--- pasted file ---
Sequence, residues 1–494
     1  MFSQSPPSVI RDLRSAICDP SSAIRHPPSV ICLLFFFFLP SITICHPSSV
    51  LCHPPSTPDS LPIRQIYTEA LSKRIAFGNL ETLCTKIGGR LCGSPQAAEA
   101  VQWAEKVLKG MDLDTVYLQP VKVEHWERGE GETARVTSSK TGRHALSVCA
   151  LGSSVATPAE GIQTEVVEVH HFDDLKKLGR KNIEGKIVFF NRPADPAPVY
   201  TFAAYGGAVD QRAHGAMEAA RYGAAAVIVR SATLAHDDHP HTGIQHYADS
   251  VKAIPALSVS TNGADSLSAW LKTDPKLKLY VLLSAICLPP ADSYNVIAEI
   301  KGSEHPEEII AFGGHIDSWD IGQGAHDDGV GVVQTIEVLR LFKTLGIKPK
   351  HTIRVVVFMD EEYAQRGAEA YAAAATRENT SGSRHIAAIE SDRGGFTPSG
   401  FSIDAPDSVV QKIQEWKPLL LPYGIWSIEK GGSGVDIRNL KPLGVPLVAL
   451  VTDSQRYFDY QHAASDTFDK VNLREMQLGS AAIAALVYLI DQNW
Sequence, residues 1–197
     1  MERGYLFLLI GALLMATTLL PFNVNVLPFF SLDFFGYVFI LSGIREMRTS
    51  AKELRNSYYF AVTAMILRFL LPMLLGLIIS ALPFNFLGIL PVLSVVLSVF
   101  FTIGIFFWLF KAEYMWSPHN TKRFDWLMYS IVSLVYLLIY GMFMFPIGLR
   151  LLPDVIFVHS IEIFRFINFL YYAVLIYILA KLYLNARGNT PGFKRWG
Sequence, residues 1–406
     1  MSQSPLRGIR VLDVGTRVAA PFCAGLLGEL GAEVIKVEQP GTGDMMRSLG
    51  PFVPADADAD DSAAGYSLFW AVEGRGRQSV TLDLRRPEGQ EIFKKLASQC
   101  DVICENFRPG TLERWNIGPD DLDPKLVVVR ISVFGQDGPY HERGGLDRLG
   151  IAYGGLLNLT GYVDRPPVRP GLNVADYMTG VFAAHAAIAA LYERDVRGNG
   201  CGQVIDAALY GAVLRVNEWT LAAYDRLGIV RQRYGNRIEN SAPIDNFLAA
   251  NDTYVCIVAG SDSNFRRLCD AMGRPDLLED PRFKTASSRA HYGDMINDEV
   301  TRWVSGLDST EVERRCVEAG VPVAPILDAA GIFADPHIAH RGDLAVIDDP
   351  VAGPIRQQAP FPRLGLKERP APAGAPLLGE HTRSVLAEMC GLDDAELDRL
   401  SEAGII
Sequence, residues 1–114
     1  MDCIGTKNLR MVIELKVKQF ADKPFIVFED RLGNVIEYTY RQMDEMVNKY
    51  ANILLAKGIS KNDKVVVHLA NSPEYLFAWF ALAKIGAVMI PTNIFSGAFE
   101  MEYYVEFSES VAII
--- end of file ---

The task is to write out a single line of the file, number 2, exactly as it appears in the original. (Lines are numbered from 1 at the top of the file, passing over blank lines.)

     1  MFSQSPPSVI RDLRSAICDP SSAIRHPPSV ICLLFFFFLP SITICHPSSV